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Posted at 05:30 AM ET, 03/06/2013

Will supply catch up with demand in Northern Virginia?

We received so many questions for our online chat on Tuesday that we couldn’t get to them all. If you missed it, you can read a transcript here.

We asked two Northern Virginia real estate agents to answer a few of the questions we didn’t get to from the chat. Thai Hung Nguyen is a real estate agent with Westgate Realty Group in Falls Church. Christine Richardson is a real estage agent with Weichert Realtors in Falls Church. Here are their responses:

Q: We are looking to upgrade from our starter house in Arlington but inventory in close-in Northern Virginia has been exceedingly low during the first part of this year. Do you expect supply to catch up to demand in the coming months?

THN: Springtime usually is the time many sellers believe to be a good time to start listing their houses.  Yet, this still does not guarantee a surging wave of housing inventory. Our local area needs a whole lot more inventory, and many Realtors are working diligently to promote homeownership to consumers. Seeking a Realtor’s expertise is a must to start looking for houses at this time. Realtor’s associations at local as well as national levels are working hard in various ways to help ease up the shortage of inventory, including equipping Realtors with tools and knowledge to work with sellers.

CR: I believe things will get a little better in the next few months.  It is very normal for us to have extremely low inventory in January and February.  Most home sellers want to move in the summer time, and so they tend to list their homes for sale in March and April.  But home buyers who are planning to move in the spring or summer start looking in January and February because they are excited about starting their search and because they don’t want to feel rushed.  As a result, there are usually a lot more buyers than there are sellers in January and February.  Things tend to even out a little in March and April when more sellers arrive at the party.  Having said that, we are still in a seller’s market, so the supply will likely not “catch up” to demand.  I expect the really good homes (great condition and priced right) will still sell very quickly and with multiple offers throughout this spring market.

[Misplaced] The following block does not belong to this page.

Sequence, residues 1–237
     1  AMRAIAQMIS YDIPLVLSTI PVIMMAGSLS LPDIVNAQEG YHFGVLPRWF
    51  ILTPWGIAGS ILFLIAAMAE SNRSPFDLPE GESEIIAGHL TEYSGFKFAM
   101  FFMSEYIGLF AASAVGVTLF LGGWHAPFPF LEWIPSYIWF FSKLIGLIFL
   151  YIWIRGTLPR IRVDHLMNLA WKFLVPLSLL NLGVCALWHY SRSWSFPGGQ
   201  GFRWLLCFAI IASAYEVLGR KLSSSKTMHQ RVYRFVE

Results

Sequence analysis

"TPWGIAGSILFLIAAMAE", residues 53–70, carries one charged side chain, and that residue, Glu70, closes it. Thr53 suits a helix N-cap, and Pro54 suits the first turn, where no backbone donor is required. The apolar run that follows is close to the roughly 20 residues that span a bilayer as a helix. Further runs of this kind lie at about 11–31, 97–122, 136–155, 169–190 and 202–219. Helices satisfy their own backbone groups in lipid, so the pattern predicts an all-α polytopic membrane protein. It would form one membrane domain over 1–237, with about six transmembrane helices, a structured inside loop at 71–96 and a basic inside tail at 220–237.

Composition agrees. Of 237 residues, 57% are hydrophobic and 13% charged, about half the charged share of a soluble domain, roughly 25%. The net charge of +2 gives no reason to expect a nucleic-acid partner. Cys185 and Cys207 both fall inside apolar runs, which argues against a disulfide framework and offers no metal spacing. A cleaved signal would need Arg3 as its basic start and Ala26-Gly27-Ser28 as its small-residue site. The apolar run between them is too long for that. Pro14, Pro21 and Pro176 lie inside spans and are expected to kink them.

Q: Do you have any advice on making an offer? How do you know what is a reasonable starting price? One that allows for negotiations but doesn't insult the owners? Is there a standard rule? Thanks!

THN: There is not set rule to offering. This is an area that a Realtor-expert comes in to play to analyze the comparables, the market trends, and the all possible scenarios that the seller is looking at. The highest offer does not mean the best offer to the seller. A good Realtor is the one who can help consumers structure the best offer to the advantage of the buyer while still stay attractive to the seller.  Consult with your Realtor about your decision in making an offer.  Discuss openly with your Realtor about what is important to you and what is not, so your Realtor can help you to make a clear decision.

CR: A reasonable starting price when making an offer is going to vary greatly depending on the situation you are dealing with. There are, I’m afraid, no standard rules.  If the house has just come on the market and there is lots of interest, you may need to offer full price, perhaps with an escalation clause, if you want to buy the house.  (An escalation clause tells the sellers that you will beat any other offer they get by $X, with the final sales price not to exceed $Y.  You fill in the X and the Y when you write the offer.)  On the other hand, if the house you like has been on the market for a while and you’re not likely to be competing with other offers, you can offer something a little lower and leave yourself some room for negotiation.  The most common approach I see is to offer the seller a price with twice as much discount as you want to receive so that if the seller “meets you in the middle,” you’ll be exactly where you want to be.  The most important aspect of all of this is to have a good Realtor advising you about what current market values are in that neighborhood and what terms to put in the contract to enhance your chances of getting your offer accepted by the seller.  

By  |  05:30 AM ET, 03/06/2013

 
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